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National Commentary

Thurgood Marshall’s Legacy: Equal Justice Matters

By Benjamin F. Chavis, Jr.

NNPA Columnist

This month marks what would have been the 107th birthday of the late United States Supreme Court Justice Thurgood Marshall. Given our long struggle for equal justice in America and the need to continue to press forward to ensure freedom, justice and equality for all, it is important to reflect on the key principles upon which Thurgood Marshall achieved his monumental success.

Thurgood Marshall said, “Racism separates, but it never liberates. Hatred generates fear, and fear once given a foothold; binds, consumes and imprisons. Nothing is gained from prejudice. No one benefits from racism.” Marshall was right.

The ideology and practice of White supremacy continues to be a deadly contradiction of an America’s professed ideals and affront to all humanity.

Racially motivated police brutality, racial terrorism against Black Americans, resurgence of the mindset that rationalizes the Confederacy, voter suppression, mass incarceration, miseducation, and the growing economic inequalities all point to the urgency for a sustained long-term equal justice movement. Consequently, equal justice also matters.

One of Marshall’s most profound public addresses was in 1987 to commemorate the U.S. bicentennial. He stated, “What is striking is the role legal principles have played throughout America’s history in determining the condition of Negroes. They were enslaved by law, emancipated by law, disenfranchised and segregated by law; and, finally, they have begun to win equality by law. Along the way, new constitutional principles have emerged to meet the challenges of a changing society. The progress has been dramatic, and it will continue.”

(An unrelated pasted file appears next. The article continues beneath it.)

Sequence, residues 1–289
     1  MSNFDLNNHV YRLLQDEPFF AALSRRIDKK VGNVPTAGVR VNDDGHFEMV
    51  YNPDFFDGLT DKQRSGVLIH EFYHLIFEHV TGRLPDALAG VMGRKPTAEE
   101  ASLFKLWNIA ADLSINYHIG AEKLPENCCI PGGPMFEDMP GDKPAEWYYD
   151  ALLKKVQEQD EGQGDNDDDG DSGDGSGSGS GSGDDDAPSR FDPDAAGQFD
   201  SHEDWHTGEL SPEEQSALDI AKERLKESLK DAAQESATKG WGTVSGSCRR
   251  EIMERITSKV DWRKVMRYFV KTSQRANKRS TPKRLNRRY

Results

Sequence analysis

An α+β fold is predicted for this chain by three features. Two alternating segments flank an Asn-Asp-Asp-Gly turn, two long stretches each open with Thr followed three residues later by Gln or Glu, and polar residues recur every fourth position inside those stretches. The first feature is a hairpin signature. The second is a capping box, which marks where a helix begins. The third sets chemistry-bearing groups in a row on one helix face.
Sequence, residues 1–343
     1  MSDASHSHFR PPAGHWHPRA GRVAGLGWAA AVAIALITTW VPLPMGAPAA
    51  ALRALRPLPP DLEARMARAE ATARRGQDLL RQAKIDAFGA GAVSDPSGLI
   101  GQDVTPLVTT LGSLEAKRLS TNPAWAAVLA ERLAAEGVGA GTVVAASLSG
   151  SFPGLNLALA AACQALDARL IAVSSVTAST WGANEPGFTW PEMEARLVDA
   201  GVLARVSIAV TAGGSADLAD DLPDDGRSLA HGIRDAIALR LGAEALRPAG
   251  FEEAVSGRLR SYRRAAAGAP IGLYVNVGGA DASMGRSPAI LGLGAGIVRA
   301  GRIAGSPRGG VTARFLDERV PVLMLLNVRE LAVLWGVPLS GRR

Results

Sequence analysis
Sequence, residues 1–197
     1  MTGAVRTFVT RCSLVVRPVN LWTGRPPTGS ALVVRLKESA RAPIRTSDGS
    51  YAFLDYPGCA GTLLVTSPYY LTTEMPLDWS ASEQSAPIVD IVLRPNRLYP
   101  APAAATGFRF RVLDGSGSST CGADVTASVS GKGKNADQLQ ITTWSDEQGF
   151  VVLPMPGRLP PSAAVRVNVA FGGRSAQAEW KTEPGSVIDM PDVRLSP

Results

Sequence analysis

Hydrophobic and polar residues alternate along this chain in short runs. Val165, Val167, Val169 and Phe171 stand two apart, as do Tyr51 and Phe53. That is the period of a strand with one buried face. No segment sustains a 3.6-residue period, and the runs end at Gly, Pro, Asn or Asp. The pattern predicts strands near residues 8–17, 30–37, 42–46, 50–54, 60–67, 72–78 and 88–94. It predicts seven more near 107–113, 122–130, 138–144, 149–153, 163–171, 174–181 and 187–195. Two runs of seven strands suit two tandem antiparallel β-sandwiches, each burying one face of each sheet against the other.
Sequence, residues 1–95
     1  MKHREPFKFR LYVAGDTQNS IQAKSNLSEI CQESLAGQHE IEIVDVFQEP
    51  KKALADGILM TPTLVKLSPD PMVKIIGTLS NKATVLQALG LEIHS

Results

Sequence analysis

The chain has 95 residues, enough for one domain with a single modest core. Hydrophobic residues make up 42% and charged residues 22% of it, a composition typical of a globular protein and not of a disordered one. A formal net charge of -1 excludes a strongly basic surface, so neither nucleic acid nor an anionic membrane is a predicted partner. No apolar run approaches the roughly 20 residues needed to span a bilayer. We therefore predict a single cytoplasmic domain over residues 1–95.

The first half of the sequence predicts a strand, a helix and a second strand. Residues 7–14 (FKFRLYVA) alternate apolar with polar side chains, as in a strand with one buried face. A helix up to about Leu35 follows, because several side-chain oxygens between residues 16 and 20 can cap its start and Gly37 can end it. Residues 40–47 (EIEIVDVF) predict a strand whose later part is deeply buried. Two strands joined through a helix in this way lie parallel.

Benjamin F. Chavis, Jr. is the President and CEO of the National Newspaper Publishers Association (NNPA) and can be reached for national advertisement sales and partnership proposals at: dr.bchavis@nnpa.org; and for lectures and other professional consultations at: http://drbenja

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Read entire editorial in New Journal and Guide, July 9-15, 2015.

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